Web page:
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GST grouping guidance

April 2024 - Tax Alert

By Robyn Walker

Goods and Services Tax (GST) can be complex. Despite its svelte size in comparison to the Income Tax Act, the GST Act punches above its weight when it comes to complex legislation. However, amongst the complexities of our GST laws there are occasional treats, where pragmatic rules help taxpayers get to the right outcomes. GST grouping, is one such set of rules.

If you have a group of companies or other entities, consideration should always be given to whether forming a GST group can materially reduce compliance costs for your business. Having a GST group allows intra-group supplies to be disregarded, meaning that “special” rules which dictate the time and value of supply for transactions between associated persons can be ignored. Supplies are all deemed to be made to and from the representative member of the Group, so grouping can also solve technical issues when costs are incurred in the wrong entity or invoices are addressed to a different group member. GST grouping can also help multinational groups to claim back GST on costs when a non-resident visits New Zealand or undertakes some activity here.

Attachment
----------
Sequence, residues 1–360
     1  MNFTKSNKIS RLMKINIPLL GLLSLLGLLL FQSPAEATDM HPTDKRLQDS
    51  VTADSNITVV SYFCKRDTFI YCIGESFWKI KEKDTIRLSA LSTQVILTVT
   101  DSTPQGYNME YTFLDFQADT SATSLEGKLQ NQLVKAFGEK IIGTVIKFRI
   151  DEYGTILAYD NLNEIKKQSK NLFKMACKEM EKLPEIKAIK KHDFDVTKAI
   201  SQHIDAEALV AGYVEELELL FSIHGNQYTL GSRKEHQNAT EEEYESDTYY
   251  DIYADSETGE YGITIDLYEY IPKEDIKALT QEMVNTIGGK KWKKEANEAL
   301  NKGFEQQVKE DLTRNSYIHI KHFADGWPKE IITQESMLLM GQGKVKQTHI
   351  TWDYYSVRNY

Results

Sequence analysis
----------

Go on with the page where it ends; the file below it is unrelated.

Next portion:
Sounds great? Yes, it is. There are some however some further details to be aware of, and specific rules which determine who is able to form a GST group.

Fortunately, Inland Revenue have recently released comprehensive guidance on these rules.

Interpretation Statement 24/02 GST – Grouping for companies (51 pages) and Interpretation Statement 24/03 GST – Who can group register? (71 pages) are the new go-to guides for anything related to GST groups and provide some really useful examples and scenarios which explain how these rules work. While most interpretation statements focus solely on technical interpretations, these go further and also contain useful information about how to go about registering, what forms to complete and what to do with them.

Before immediately planning to form a GST group, it is important to note that all group members become joint and severally liable for the tax owing by the group. However, a recent law change now allows the Commissioner the discretion to excuse an existing group member from liability in certain circumstances.

For more information about how GST grouping could help your business, please contact your usual Deloitte advisor. 

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